A British couple say they were detained in Calais for two days after a 16-year-old boy was found in the boot of their car as they were boarding the ferry to Dover.
Sam Hemingway, 23, said he was celebrating his engagement in France with fiance Jordan Valentine, 20, in June when immigration officers found a boy in the boot of their car during a routine search at the ferry terminal.
Mr Hemingway, a hotel chef from Wrexham, explained that they had no idea that the boy was inside their Lexus, claiming that the car had faulty locks, which is how the boy must have broken in.
“I was just as shocked as they (police) were to find him there,” Mr Hemingway told the PA news agency.
Police told him that the stowaway was a 16-year-old Iranian boy, and that he had been released on the same day he was found.
Mr Hemingway and Ms Valentine were taken to a police station in Calais, where they were held for two and a half days.
He explained that they were entitled to a phone call, legal advice and a doctor. They took all three, but police did not follow through with providing them.
Mr Hemingway told PA: “The whole two-and-a-half days we were in custody, they didn’t offer us anything to eat or drink, and they didn’t offer Jordan any feminine hygiene products.”
He explained that they also did not provide adequate medication for Ms Valentine, who lives with a mental health condition.
He said: “Her dose is two tablets every night, and they only gave her one, so she was panicking.”
After their first day in detainment, the couple were told they would be held for a further 24 hours.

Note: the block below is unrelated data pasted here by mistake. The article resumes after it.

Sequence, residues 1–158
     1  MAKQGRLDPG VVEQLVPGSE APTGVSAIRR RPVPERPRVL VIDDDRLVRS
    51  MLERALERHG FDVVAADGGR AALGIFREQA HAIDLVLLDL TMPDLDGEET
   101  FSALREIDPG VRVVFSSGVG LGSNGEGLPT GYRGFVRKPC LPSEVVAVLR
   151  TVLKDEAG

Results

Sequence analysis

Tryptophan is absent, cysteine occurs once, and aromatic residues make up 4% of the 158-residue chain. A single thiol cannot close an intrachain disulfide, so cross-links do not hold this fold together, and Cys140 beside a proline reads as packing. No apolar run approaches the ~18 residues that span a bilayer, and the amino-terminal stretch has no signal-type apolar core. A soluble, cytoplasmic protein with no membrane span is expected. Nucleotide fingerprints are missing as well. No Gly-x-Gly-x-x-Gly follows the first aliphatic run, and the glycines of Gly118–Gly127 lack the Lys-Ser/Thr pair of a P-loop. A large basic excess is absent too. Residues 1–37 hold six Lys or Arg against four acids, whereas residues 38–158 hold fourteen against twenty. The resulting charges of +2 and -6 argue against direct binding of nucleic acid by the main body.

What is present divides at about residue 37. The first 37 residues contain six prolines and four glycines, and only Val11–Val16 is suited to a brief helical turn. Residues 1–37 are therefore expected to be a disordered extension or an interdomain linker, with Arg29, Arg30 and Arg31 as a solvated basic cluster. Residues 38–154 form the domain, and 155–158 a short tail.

Mr Hemingway said: “We spoke to the French consulate, and they explained that because they never read us our rights (after their detainment was extended) they held us illegally.”
Eventually police returned to the car at the ferry port and tested it, where it was found that the locking system was easily compromised. They were then released and the charges against them were dropped.
Mr Hemingway and Ms Valentine contacted the British Consulate in Paris, where they were referred to make an official complaint. However, they decided against fighting French police.
“We didn’t get any apology, the consulate didn’t help us at all … When we got back we sold the car. That was the thing that caused us so much trouble and we didn’t want it any more,” he said.
Mr Hemingway explained that their story should be seen as a warning for British tourists to check their cars before travelling.
He said: “We both decided that the more people who hear our story, the more people are going to be aware of silly mistakes. We didn’t check our car, you don’t think to check your car.”
A spokesperson for the Foreign and Commonwealth Office said: “Our consular staff offered advice to two British people arrested and subsequently released in France in June.”